November 20, 2013
Data science a top priority in University’s strategic plan
University makes $50M commitment to create Institute for Data Science and add faculty
The building that will house the Institute for Data Science is planned near several buildings housing science and engineering programs.
The University is committing $50 million—in addition to more than $50 million it has spent in recent years—to greatly expand its work in the burgeoning field of data science.
The commitment will include the creation of an Institute for Data Science, construction of a state-of-the art building to house it, and as many as 20 new faculty members with expertise in the field.
President Joel Seligman made the announcement as part of his opening remarks at the Rochester Big Data Forum 2013, at which renowned researchers in data science from around the nation are meeting for a day of interdisciplinary talks and discussions.
“This is the top University priority for the University’s 2013–18 strategic plans that were adopted by the Board of Trustees on Oct. 11. Data science is a defining discipline of the 21st century. By combining sophisticated analytic techniques with rapidly improving computational capabilities, data science can help extract useful information from the quintillions of bytes of data that are created every day. It is the foundation, for example, of data-informed, personalized medicine, is central to national security and defense, and has already changed online commerce,” said Seligman.
“The field of data science is taking off, and we’re jumping in with both feet,” says Robert Clark, senior vice president for research and dean of the Hajim School of Engineering and Applied Sciences. “We want to make the most of the opportunities that data science offers and, by hiring a significant number of experts in this field in the next few years, we can ensure that the applications of data science advance research across campus.”
Clark says he expects that the new institute will have an impact on the Rochester region through collaborations with local companies and through new companies emerging. “The investment opens up great opportunities for the translation of the discoveries and new techniques that are developed to the commercial sector, and we will also be producing highly trained specialists in this area,” Clark says. This would continue a long tradition of entrepreneurship at the University, he adds, citing as an example the University’s Institute of Optics, whose faculty, staff and alumni have gone on to lead or found 160 companies, many of them locally.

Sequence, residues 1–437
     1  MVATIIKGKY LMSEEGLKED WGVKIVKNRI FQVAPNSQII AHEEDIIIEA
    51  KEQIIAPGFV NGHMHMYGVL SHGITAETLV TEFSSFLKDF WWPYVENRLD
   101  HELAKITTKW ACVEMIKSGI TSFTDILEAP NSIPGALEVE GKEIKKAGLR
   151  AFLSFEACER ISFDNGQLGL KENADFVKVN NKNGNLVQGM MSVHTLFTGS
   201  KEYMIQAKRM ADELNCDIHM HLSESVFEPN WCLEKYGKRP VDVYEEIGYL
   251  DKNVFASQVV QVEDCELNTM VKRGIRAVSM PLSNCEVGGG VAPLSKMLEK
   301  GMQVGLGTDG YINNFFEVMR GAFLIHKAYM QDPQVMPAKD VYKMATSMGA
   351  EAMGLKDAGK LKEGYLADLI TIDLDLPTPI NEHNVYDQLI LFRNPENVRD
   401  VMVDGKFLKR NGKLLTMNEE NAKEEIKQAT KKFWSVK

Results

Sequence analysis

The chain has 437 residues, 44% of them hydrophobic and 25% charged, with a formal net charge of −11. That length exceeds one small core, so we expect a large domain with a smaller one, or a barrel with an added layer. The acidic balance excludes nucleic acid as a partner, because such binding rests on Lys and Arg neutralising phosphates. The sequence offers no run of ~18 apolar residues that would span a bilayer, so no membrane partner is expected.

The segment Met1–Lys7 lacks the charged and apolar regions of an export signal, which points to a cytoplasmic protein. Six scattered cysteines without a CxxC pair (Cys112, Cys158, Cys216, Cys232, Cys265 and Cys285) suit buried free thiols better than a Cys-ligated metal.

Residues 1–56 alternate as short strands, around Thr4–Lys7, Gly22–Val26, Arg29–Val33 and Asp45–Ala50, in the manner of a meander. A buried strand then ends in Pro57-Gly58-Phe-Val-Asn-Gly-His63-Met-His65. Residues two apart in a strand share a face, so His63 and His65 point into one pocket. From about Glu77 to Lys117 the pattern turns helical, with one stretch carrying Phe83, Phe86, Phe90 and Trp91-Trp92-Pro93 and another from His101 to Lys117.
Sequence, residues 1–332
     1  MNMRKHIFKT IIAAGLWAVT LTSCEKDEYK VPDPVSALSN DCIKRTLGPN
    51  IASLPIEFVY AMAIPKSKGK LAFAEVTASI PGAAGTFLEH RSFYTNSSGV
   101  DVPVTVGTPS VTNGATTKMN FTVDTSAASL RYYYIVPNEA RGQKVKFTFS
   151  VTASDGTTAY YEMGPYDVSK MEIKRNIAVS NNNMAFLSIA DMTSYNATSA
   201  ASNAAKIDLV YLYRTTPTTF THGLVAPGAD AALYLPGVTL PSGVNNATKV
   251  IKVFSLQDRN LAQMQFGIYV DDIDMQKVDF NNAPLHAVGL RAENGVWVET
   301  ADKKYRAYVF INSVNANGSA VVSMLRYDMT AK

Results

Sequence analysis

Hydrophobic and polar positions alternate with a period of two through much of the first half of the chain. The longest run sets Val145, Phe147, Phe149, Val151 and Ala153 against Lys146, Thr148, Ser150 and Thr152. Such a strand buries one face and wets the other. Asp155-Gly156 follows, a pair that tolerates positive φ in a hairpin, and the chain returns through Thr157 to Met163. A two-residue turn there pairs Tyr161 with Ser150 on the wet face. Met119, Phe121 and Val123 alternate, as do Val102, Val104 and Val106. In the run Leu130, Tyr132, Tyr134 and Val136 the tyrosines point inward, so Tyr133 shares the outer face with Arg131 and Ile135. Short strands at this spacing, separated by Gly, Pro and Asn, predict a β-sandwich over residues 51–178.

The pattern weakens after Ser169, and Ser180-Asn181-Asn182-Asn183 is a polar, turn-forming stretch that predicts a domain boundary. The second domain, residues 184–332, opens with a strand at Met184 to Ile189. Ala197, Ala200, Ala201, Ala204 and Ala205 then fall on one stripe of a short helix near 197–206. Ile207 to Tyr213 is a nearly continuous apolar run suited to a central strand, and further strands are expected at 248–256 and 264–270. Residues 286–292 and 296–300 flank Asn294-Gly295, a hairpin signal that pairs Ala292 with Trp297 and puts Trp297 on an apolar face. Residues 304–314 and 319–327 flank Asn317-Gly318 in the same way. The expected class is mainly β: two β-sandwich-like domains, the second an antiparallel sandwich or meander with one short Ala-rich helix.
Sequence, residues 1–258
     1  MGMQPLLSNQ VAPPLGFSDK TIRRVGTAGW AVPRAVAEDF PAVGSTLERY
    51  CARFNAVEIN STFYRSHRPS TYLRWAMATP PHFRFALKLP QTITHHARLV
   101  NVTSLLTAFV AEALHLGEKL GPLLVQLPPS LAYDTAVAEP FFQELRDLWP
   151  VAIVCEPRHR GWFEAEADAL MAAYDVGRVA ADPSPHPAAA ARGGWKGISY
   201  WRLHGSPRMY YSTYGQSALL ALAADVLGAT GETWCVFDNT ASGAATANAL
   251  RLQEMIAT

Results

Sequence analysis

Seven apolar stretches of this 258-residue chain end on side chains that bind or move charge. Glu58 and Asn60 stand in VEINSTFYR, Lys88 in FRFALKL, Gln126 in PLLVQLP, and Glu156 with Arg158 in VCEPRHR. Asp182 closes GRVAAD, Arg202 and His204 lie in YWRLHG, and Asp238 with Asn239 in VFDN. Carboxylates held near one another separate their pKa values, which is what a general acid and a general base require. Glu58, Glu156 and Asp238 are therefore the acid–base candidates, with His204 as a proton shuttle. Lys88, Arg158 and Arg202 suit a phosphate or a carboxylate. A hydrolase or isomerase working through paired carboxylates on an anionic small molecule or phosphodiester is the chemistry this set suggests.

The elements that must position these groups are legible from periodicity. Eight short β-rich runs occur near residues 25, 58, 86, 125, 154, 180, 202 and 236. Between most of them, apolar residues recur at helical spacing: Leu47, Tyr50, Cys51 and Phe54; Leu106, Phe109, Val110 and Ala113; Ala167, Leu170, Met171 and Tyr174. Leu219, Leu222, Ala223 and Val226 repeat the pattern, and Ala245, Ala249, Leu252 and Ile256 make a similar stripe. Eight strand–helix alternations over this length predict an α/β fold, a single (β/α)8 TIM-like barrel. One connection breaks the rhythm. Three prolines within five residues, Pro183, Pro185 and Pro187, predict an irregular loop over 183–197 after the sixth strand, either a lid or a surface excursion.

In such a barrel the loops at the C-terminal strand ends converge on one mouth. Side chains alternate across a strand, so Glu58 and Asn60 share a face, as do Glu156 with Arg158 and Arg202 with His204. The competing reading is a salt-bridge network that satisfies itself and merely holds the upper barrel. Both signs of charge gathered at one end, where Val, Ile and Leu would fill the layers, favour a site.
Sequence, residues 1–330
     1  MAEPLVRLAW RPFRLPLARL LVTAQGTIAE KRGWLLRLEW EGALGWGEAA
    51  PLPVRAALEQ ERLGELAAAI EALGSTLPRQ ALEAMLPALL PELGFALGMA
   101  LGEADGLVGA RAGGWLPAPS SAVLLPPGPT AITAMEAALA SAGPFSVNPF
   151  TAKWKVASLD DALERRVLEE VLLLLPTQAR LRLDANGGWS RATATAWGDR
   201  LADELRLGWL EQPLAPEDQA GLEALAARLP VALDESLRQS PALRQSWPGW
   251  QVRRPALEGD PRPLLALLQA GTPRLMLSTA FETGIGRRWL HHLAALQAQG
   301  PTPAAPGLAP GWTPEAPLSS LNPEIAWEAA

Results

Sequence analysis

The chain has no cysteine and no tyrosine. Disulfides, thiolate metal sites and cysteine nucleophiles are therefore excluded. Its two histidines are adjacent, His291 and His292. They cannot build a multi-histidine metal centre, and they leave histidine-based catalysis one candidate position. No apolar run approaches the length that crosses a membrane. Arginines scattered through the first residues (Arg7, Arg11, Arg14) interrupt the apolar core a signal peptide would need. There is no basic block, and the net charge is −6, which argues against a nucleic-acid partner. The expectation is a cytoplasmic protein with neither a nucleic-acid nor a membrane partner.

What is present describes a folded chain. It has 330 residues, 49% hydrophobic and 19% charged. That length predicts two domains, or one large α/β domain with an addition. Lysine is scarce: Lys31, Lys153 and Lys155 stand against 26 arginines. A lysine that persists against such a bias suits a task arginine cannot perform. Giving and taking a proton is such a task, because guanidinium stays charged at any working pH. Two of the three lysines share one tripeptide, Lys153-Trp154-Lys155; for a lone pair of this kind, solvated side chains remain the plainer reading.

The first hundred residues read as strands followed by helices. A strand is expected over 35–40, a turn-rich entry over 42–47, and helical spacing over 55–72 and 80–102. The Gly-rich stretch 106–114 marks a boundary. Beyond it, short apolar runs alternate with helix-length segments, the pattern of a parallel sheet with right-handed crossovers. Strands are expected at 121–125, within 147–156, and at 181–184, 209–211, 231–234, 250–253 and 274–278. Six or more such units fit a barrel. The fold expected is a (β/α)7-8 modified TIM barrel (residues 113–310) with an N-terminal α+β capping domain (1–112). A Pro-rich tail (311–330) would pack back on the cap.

The initiative builds on current University strengths in data science, including the Health Science Center for Computational Innovation (which hosts an IBM Blue Gene/Q supercomputer), and the active research that is carried out in fields such as machine learning, artificial intelligence, and biostatistics. It will also leverage existing collaborations with companies such as IBM and Xerox in data science.
“Rochester researchers are already exploiting the tools of data science in their work,” says Henry Kautz, chair of the Department of Computer Science and director of the Rochester Big Data Initiative. “For example, data science has been a key part of research done here to model and predict the spread of infectious diseases, to track the popularity of political ideas, to understand consumer preferences, and to predict the existence of planets.”
The new faculty members will be recruited in several departments: biostatistics, psychiatry, physics, computer science, political science, and others. But data science will be a critical component of their work, either as developers or users. The faculty members will also open the way to new areas of research as the work of the institute develops. Three domains of initial research focus have been identified: health analysis, cognitive systems and artificial intelligence, and analytics on demand.